Winston Churchill said, "Success is stumbling from failure to failure with no loss of enthusiasm."
I like to think that I embrace that. When I fail, I don't give up. I try again. I also try not to repeat the same action over and over again, expecting different results (and no, Einstein did not say that).
My Garage Door Bug Screen required an overhaul. On Monday, after the sun spent some time heating up my garage door, that sticky back velcro I had applied lost its stick. Upon further inspection, the same thing was happening to all of the velcro I had applied around the garage door frame.
A potential solution would be to glue it, but that seemed so permanent and irreversible. I decided to chart a different course and implement my original desire for something retractable.
The good news is that the original screen panel I made was larger than the opening of the door itself, so that meant I could adapt what I had already made into something a little different.
Taking velcro out of the equation meant finding a different way to secure the screen when it's down. Snaps were an option, but because the netting is so fine, I didn't want to wind up ruining the screen with the pressure of snapping/unsnapping over and over again. Instead, I settled on twist locks.
My family's old summer home had a screened-in porch with clear vinyl curtains that could be lowered for the winter and raised in the summer. I was often tasked with the job of lowering the curtains for winter and remembered that they had these type of twist locks, which consist of an eyelet that goes through the fabric, and the actual twist lock is mounted to the surface. Rather than snapping, you simply place the eyelet over the lock, and then twist it to secure it.
No, this will not be as "airtight" as the velcro, but dammit, this will stay in place. If a bug gets through this, then they have earned the right to bite me.
Because each of the twist locks will be screwed into the frame of the door, this means that it will be a less destructive yet semi-permanent solution. If desired, the locks can be removed, throw a little putty in the holes and repaint, and it's like they were never there.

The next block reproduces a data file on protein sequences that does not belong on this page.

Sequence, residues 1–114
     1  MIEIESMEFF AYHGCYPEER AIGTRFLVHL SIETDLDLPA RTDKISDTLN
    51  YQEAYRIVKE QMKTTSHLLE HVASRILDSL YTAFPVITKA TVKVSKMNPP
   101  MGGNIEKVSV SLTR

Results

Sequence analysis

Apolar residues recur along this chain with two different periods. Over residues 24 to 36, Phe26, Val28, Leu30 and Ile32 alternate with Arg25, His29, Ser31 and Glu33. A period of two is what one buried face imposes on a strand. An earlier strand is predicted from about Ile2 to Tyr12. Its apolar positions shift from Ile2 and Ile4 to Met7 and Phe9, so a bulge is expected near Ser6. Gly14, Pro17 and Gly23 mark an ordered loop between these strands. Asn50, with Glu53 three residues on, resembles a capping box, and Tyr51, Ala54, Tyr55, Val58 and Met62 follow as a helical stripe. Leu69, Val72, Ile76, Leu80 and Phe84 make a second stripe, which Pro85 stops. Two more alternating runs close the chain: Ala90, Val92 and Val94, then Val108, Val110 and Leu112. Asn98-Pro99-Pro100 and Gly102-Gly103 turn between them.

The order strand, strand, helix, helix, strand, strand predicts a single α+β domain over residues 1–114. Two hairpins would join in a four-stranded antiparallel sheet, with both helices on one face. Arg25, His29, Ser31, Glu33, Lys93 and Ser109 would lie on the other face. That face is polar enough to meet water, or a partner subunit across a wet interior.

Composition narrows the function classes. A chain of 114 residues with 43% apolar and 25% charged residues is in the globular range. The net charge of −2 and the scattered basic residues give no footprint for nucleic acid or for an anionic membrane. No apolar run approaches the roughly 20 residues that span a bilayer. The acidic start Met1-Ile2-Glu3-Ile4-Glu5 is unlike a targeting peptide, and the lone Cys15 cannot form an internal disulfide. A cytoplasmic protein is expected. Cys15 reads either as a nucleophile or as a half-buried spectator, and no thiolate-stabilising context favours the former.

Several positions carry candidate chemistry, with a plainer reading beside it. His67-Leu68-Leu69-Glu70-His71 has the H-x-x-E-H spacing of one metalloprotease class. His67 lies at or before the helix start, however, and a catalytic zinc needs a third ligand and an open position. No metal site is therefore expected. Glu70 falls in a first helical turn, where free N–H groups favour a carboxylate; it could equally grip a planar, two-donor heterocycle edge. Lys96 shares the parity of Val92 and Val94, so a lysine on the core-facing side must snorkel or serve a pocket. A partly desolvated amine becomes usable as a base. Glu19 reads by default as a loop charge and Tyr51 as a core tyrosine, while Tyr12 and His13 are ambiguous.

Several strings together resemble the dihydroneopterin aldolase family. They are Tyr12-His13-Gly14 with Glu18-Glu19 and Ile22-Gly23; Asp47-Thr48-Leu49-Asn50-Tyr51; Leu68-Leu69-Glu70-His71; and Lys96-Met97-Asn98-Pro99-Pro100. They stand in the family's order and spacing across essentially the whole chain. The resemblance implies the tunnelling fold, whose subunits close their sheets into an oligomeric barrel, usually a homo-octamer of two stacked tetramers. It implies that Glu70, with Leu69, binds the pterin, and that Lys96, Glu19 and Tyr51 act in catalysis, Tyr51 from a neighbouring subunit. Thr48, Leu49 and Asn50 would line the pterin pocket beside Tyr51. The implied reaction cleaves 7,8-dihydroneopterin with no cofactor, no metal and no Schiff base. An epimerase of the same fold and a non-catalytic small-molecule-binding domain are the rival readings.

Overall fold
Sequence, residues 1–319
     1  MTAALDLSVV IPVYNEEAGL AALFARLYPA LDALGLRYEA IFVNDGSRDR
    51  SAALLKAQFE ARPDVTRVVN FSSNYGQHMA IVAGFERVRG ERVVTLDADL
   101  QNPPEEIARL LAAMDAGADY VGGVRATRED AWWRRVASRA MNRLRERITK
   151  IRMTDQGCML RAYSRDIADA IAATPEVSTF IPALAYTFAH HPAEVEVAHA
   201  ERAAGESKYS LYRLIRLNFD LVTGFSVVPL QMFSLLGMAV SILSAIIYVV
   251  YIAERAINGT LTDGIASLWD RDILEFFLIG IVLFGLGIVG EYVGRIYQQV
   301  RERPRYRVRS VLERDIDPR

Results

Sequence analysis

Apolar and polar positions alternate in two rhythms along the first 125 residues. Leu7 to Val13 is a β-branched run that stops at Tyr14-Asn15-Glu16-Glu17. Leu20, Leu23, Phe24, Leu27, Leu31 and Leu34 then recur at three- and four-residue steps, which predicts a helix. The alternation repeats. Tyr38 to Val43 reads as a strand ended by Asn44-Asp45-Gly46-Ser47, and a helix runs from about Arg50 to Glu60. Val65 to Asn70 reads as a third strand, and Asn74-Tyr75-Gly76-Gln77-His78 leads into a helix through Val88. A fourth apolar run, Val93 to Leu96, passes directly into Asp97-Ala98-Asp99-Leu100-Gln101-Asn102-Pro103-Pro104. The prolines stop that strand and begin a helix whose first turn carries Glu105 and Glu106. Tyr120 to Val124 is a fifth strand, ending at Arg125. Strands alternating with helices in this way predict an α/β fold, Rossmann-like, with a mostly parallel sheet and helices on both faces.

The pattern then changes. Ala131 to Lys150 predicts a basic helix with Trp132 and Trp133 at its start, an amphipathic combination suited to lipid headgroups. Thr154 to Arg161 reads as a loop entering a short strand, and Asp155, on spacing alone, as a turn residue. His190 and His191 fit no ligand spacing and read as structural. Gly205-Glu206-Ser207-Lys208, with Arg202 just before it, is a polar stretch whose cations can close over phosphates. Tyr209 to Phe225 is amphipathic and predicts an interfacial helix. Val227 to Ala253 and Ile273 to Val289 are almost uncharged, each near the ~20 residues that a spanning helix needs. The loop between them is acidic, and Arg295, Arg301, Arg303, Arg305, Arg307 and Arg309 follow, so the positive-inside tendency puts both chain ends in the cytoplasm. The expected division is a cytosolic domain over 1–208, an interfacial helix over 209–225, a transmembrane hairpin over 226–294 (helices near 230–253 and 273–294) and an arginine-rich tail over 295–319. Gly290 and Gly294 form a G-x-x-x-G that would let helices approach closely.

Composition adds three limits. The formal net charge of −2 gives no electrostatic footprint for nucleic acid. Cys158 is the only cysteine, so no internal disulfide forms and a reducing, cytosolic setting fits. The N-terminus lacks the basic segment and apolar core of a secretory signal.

My new mechanism consists of the twist locks spaced about 10" apart around the external trim of the door (except for the bottom). Along the top of the frame I will have a few eyelets that serve as guides for the cording that raises and lowers the screen. I considered pulleys but this is so light, pulleys really weren't warranted.
To modify my screen, I needed to sew on a new binding around the sides and top edges to provide better reinforcement for the eyelets that would be needed for the twist locks. The video I've been using to make the Bimini Top features a special guide attached to the sewing machine for the binding. For the amount of binding I was going to need to be doing for this project and the Bimini Top, I determined that a $10 investment in a special binding foot was worth it. I wanted to use the one from Sailrite but determined that it wouldn't fit on my machine, so I ordered a couple from Amazon to see which worked best. Typically binding would be cut on the bias (diagonal), but since I wasn't going to be going around curves or corners, I just cut the pieces (with my hot knife) from the fabric in straight lines.
Before sewing on the binding, I measured out the expected placement for the eyelets. I then put a pin through the marks and flipped it over and made a mark on the right side of the binding so I would be able to see it once it was sewn on.
Turns out the binding foot was kind of a bust. The binding I used on the top and sides was 1.5" wide, which was too wide for the foot, and I was able to get a good hold on it without requiring a special foot.
Late on Friday night, I ran some test pieces through my machine (including for the bimini top binding) and wouldn't you know it, my machine was not having it. I needed a heavy duty machine to get through this fabric and binding. This project is suddenly getting more expensive...
Joann's had a Singer 4411 on sale for $129 and that felt reasonable to me, especially given that I feel like I will get my money's worth in a short time. I also watched a video review on YouTube where some dude in a NASCAR jacket used this particular machine to sew through 10 layers of canvas binding at once. The machine handled it well. I will not be going through 10 layers of canvas, so I figured it was worth a try. This bad boy moves through canvas like buttah.
And, anytime I think the words Heavy Duty, I immediately hear Spinal Tap's Heavy (heavy) Duty (duty), rock n' roll... And then I wish I had an amp that went up to 11. Because it's one louder. Duh.
As of Saturday night, I have the screen bound on the top and sides, ready to place the eyelets. But it's after 11pm and I don't think my neighbors would enjoy me hammering in eyelets, so I'm going to hold off on that until tomorrow!